Tufa refers to “continental carbonates, composed dominantly of calcite and typical of karstic areas. These are typically produced from ambient temperature [generally less than ~68º], calcium bicarbonate-rich waters which are characterized by relatively low depositional rates producing highly porous bodies with poor bedding and lenticular profiles, but containing abundant remains of microphytes and macrophytes, invertebrates and bacteria. Secondary carbonate deposits (cements and speleothems) may also be associated. Aragonite is usually absent (except from peculiar high Mg/Ca ratio spring waters.”

It appears, then, that travertine does form in warm to hot waters heated by geothermal mechanisms, has a high rate of deposition, has low porosity and permeability, and does not contain the plant debris common in tufa.  Tufa forms in areas where ground water has traveled through rocks rich in calcium bicarbonate via fractures and caves [karstic], has poor bedding features, and contains plant and bacterial (“algal”) debris.  In addition, travertine often forms as mounds and terraces while tufa is often found in stream cascades and dams.
The water from Cascade Springs has its original source percolating through soil horizons over a wide area in the southern Black Hills and then traveling through the karstic cavities of the carbonate aquifer and therefore has a dissolved CO2 content much higher than the local atmosphere. The turbulence created by CO2-rich water flowing over the Falls degasses the dissolved CO2, the water chemistry equilibrium is messed up (CO2 level drops), and precipitation of tufa (CaCO3) takes place. I have not seen studies on Cascade Creek but in a “normal” situation after degassing and precipitation, the pH of the stream water decreases and the acidity increases.  I presumed since the water at Cascade Springs was saturated with CO2 that the pH would strongly basic; however, Lund (2016) noted the pH was neutral at 7.0.  But again, I am far from a water chemist.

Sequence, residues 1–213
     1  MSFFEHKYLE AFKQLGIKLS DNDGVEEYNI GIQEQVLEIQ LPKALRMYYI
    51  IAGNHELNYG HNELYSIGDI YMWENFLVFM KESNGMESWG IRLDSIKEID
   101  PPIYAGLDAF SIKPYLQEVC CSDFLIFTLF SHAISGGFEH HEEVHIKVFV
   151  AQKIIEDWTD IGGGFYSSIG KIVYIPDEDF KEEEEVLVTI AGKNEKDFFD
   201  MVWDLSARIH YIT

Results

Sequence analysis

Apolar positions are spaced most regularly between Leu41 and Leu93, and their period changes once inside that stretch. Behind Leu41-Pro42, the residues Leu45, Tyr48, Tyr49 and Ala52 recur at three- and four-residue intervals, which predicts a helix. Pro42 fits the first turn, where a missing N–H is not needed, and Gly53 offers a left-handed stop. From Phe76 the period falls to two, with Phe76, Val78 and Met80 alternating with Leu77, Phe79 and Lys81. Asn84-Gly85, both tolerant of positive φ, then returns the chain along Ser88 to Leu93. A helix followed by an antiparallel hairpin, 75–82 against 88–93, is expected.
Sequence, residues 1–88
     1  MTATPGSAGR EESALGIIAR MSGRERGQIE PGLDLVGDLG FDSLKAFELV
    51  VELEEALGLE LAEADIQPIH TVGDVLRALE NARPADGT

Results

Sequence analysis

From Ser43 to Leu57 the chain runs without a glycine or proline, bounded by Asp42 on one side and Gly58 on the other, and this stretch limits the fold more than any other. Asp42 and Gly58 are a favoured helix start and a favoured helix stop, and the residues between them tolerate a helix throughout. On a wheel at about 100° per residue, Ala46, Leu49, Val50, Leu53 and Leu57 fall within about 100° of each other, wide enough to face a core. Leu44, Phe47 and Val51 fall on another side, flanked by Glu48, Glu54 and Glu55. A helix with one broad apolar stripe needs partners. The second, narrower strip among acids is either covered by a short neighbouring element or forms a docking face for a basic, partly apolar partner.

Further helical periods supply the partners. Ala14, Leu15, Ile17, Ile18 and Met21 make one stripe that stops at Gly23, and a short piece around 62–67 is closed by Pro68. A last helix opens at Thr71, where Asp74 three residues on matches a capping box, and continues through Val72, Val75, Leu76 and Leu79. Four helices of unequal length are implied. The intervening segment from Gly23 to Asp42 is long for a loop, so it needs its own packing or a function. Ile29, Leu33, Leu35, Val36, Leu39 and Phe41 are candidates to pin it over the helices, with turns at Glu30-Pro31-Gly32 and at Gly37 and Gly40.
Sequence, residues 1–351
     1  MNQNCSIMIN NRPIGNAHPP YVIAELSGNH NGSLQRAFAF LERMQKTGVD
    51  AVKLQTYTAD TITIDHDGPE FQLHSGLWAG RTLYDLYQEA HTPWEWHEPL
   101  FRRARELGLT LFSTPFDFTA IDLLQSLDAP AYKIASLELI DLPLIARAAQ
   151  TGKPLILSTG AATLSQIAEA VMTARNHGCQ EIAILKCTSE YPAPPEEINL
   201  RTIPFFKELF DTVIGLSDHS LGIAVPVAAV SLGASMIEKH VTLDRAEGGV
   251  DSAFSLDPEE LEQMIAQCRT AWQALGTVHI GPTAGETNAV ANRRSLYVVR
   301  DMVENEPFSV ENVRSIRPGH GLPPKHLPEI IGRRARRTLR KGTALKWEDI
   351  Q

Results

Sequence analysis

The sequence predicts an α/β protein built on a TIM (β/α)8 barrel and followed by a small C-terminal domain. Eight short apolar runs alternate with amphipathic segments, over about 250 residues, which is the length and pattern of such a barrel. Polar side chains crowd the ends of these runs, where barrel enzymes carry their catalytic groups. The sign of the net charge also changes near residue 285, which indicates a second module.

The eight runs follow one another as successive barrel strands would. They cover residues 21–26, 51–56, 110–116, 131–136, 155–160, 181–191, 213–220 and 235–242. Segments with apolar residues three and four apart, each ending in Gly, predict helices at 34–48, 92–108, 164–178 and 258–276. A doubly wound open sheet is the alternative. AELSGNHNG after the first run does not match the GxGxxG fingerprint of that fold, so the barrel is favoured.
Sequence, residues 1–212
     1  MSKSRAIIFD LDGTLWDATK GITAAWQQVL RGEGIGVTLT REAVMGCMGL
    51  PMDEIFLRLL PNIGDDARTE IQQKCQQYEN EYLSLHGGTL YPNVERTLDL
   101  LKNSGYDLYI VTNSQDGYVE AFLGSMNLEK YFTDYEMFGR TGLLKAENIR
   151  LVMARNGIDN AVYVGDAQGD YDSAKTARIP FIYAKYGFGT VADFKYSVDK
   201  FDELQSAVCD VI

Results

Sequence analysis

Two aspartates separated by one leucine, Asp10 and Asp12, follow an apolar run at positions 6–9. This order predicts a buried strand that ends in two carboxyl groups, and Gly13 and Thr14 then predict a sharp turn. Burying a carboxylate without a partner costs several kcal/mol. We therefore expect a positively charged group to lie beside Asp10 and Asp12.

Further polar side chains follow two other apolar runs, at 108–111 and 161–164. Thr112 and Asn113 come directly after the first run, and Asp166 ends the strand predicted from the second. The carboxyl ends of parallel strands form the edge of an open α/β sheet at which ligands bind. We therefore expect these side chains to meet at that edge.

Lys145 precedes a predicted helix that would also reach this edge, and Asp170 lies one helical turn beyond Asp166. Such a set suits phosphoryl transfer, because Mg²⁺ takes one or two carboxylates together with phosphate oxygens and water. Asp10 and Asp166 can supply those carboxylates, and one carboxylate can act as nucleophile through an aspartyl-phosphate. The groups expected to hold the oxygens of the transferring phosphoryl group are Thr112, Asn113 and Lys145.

At Cascade Falls the actual waterfall started as Cascade Creek flowed over a ledge of an indurated Cretaceous sandstone, the Newcastle Sandstone.  With this turbulence of the CO2-rich water, tufa began to form on the Newcastle and actually raised the height of the Falls.  Cascade Falls has been around for a long time since the terrace levels above the stream are composed of tufa.  I suppose this signals that Cascade Creek meandered over the valley in the geological past and CO2-rich water degassed and forced calcium carbonate out of solution as solid CaCO3.  Visitors can easily see the tufa at the Falls while an observant eye can locate tufa on the stream terraces. I presume this is the collecting area for the moss rock and coral rock displayed in the shops.
Tufa forming at Cascade Falls.